The question prodding us to increased productivity is almost never, “How do I fit more work into my day?” That question leads to productivity “hacks,” an exhausting pace of work, and endless to-do lists that never completely get done because there are only so many hours in the day.
A better question to ask, instead, is “What high-leverage activities should I pursue to maximize the results of my limited time?”
Your high-leverage activities are those few tasks or projects which drive a disproportionate number of results. Think of your life, work, or business in the context of The Pareto Principle, better known as the 80/20 rule.
In almost every situation, 80% of your results come from only 20% of your work. I’ve found this true in my own life and work, time and time again.
The discipline-free approach to high leverage productivity
At our last leadership team meeting, Michael Hyatt shared a thought that sparked immediate discussion: “Never rely on self-discipline when a system can do the job.”
Internally, we’re still talking about this concept. A “system” can mean anything from intentional delegation to a recurring event on your calendar to selecting technology that works for you (even when you stop).
Let’s say, for example, that your goal was related directly to business growth.
You need to grow revenue, and that means growing your list of customers. To do that you need to grow your overall audience, or perhaps your social media following.
When you’re “hustling” to get leads, make a sale, or get people to share your content, you are trading time for traction—which puts an impenetrable ceiling on your potential for growth.
If, on the other hand, you spend your time creating a high-leverage system of growth, you can take a deep breath, put down your phone, and smile as new followers, prospects, and clients come to you. Consider these 3 steps for setting up a self-perpetuating system of growth.
Step 1: Identify your target advocates
Growth becomes “viral” when your message starts spreading from person to person without your direct involvement in each interaction.
You may already have pockets of that type of growth, so look closely—where are your prospects, clients, or followers coming from right now? Who are your existing customers or followers who have sent friends, family, or colleagues to you?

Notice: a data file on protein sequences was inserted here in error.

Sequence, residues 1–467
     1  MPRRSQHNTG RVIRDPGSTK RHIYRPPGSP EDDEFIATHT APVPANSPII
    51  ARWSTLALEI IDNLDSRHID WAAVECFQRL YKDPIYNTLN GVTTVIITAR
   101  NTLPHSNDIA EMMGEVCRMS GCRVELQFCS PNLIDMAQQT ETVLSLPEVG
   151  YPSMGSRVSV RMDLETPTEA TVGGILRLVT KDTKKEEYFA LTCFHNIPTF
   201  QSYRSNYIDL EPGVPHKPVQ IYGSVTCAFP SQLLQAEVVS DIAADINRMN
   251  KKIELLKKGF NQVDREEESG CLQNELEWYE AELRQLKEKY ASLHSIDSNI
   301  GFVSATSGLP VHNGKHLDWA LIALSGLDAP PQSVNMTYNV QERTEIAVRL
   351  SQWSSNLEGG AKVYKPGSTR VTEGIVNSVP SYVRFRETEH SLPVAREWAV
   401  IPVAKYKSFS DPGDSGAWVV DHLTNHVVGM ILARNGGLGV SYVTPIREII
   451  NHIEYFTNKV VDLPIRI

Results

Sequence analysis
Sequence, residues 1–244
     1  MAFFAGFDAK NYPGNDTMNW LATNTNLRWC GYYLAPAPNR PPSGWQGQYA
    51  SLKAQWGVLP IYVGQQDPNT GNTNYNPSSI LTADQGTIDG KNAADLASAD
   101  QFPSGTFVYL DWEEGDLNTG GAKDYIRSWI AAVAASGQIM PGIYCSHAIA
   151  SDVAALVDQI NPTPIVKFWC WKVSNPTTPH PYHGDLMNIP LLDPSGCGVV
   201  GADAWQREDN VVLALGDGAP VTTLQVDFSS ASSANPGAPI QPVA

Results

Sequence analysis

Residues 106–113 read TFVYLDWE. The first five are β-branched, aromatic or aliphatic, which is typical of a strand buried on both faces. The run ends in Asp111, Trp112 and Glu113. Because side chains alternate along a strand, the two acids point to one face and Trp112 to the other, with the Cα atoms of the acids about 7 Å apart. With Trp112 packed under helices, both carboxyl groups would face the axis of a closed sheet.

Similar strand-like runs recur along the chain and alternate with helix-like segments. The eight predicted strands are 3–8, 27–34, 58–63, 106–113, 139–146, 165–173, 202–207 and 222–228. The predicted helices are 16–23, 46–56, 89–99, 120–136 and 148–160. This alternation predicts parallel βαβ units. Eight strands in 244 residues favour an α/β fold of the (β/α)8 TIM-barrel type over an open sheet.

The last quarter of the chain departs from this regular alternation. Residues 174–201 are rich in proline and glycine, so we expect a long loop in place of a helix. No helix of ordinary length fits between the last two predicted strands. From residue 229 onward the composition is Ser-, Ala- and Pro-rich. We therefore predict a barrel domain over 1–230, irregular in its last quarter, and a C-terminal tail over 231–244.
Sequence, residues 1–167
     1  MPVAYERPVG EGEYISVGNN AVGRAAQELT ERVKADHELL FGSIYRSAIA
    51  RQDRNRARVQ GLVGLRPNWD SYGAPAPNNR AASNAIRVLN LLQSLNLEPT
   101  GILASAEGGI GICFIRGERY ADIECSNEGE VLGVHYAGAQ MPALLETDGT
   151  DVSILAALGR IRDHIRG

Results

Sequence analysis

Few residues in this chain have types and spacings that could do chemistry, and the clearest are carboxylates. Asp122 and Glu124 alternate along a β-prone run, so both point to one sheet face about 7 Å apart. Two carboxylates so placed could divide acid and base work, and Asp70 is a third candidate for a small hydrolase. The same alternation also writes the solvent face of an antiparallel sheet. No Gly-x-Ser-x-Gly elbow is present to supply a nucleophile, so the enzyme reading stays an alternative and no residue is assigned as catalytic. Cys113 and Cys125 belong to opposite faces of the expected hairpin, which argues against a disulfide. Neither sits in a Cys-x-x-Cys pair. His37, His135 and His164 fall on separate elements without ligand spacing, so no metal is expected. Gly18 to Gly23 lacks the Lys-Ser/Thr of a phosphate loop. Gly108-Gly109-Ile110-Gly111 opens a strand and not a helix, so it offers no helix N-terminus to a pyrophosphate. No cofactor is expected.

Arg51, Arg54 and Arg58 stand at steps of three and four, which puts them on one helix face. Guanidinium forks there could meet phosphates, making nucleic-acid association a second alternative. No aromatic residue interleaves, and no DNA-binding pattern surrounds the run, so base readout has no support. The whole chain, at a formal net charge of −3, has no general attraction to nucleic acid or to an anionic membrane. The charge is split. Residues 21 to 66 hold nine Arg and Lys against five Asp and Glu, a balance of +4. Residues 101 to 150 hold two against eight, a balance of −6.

If you can identify consistent themes in this group, you know your target advocates. The next question becomes how to create a win-win scenario so your target advocates spread your message on your behalf.
Step 2: Incentivize contagious enthusiasm
Once you’ve identified your target advocates, look for the one or two examples who best reflect contagious enthusiasm for your business or brand.
Do you have successful customers who tell all their friends and colleagues about your offer, or share every blog post you write?
To replicate that relationship with a broader audience, you will need to get inside their head. This requires a heavy dose of empathy, but if you can create a compelling incentive for your target advocates, a new wave of advocates will start sharing your message on your behalf.
This could mean a referral reward to past customers who send you new customers, or giving followers a free download when they share your social media content.
Step 3: Automate your self-perpetuating system
This step is when your system truly becomes a “viral loop.”
Whenever possible, use technology to communicate your system to your target advocates. If you can automate incentive delivery, that’s even better.
When this system becomes self-perpetuating, your upfront time investment leads to continued growth long after you step away, to focus your high-leverage attention somewhere else.
For us, that’s priceless exposure to a new audience with the help of our current audience (our target advocates). Because this Viral Loop is self-perpetuating, that post still gets new social shares every single day.
Looking at your own work and schedule, how could you create your own viral loop? Are there high-leverage activities you should be doing, and others you should forget?